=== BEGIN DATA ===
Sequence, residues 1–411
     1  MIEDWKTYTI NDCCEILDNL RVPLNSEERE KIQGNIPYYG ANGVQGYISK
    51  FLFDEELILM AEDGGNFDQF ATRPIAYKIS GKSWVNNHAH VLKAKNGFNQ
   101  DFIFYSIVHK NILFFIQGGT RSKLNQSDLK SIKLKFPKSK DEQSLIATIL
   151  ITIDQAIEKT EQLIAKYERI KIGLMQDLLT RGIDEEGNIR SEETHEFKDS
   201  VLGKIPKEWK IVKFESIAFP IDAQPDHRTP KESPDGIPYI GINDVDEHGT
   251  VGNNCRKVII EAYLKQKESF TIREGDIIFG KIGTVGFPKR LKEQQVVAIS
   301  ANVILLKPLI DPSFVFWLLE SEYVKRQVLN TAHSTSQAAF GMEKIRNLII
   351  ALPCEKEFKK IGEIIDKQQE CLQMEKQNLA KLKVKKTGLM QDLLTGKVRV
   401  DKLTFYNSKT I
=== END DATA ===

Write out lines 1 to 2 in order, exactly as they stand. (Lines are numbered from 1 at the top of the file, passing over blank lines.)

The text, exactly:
Sequence, residues 1–411
     1  MIEDWKTYTI NDCCEILDNL RVPLNSEERE KIQGNIPYYG ANGVQGYISK